As can be seen from the configuration indicated in FIGS. 8 and 9, in the batch-type liquid-phase quartz oscillator sensor U, a single unit of the chip quartz oscillator S can be placed in every tub-like vessel 17, thereby achieving simultaneous measurement of multiple solutions to be tested as well as improving the efficiency of operation for detection. In addition, each tub-like vessel 17 is isolated from others, and, as a consequence, it is possible to perform detection with only a single unit of the tub-like vessel; thus the batch-type sensor U is useful for samples (for example, samples with high viscosity or containing test substances that are detectable after a period of relatively long reaction time in the detection vessels), which can hardly be detected with the flow-type vessel as shown in FIG. 6.

Multiple batch-type liquid-phase quartz oscillator sensors U can be used for many purposes, and there is no restriction in respect of the number and the arrangement thereof. The shape of the tub-like vessel 17 is not limited to the rectangular shape shown in the figure, and any shapes are acceptable for the vessel in as far as the vessel is capable of keeping the chip quartz oscillator S inside. In addition, any arrangement of the chip quartz oscillator S in the tub-like vessel 17 is acceptable, as far as the detection electrode 3 or 7 thereof is exposed to sample solution and an electrical connection is ensured between the terminal on the back of the substrate 1 and the corresponding circuit in each chip quartz oscillator 12; for example, the chip quartz oscillator S can be installed on a side of the frame 15. Further, it is possible to arrange the chip quartz oscillator S upside down at the boundary between sample solution and the vapour phase thereof so that the detection electrode of the chip quartz oscillator S is placed above, and in contact with, the sample solution. It is also possible to mount the quartz oscillator 2 or 6 on the surface of the bottom part of the frame 15, by omitting the substrate 1 of each chip quartz oscillator S and assuming that the surface on the bottom or side of the frame 15 is equivalent to the substrate 1.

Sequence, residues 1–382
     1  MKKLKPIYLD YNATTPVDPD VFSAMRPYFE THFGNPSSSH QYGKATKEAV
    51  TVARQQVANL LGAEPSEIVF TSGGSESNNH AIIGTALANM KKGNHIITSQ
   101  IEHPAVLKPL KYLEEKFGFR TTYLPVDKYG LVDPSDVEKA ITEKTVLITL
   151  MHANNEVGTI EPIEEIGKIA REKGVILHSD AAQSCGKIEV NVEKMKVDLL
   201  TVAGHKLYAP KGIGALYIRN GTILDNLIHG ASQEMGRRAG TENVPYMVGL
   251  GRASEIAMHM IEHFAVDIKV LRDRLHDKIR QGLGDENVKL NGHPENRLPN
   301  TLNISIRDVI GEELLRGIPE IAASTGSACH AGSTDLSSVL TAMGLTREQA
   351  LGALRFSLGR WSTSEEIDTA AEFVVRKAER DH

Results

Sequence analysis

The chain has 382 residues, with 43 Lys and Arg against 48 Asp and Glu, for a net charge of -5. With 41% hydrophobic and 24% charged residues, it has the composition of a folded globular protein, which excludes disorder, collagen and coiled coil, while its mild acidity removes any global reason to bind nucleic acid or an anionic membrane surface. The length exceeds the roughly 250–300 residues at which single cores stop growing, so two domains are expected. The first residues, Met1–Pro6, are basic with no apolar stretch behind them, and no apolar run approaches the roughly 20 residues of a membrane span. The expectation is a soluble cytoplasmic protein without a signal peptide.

FIG. 10 is a circuit diagram schematically showing an example of the configuration of a quartz oscillator device in accordance with the present invention, which contains the above-describe chip quartz oscillator S as a component. As shown in this figure, the quartz oscillator device V has an oscillation circuit section OSC, a photocoupler section PC, a driving section DR and a power source section PS.

The oscillation circuit section OSC consists of an inverter 18, a resistor 19, a chip quartz oscillator 20, a resistor 21, and a capacitors 22 and 23; the inverter 18 constitutes a NOT circuit. The resistor 19, which is connected between the output and input terminals of the inverter 18, is a feedback element. The resistor 21 is an element for limiting the current flowing into the chip quartz oscillator 20, and together with the resistor 21, the chip quartz oscillator 20 is connected between the output and input terminals of the inverter 18. The detection electrode of the chip quartz oscillator 20, which operates as a sensor, is in contact with a sample solution. The capacitor 22 is connected between the detection electrode of the chip quartz oscillator 20 and the ground; the capacitor 23 is connected between the non-detection electrode of the chip quartz oscillator 20 and the ground.

The output of the oscillation circuit section OSC is transmitted to the photocoupler section PC through the driving section DR. The driving section DR consists of an inverter 24, series resistors 25, 26, and 27, and a capacitor 28 that is connected in parallel with the resistor 26; an end of the resistor 27 is connected with a light-emitting element in the photocoupler section PC. The anode of the light-emitting element in the photocoupler section PC is connected through the resistor 29 with the power source voltage VCC. The output of the quartz oscillator device V is outputted from the photoreceptor element in the photocoupler section PC.

In order to reduce mains noise, the power source section PS, which supplies the power source voltage to each component of the quartz oscillator device V, preferably consists of a battery 30, a capacitor 31 that is connected in parallel to the battery 30, a constant-voltage circuit 32, and a capacitor 33 required for connecting the output terminal of the constant-voltage circuit 32 to ground.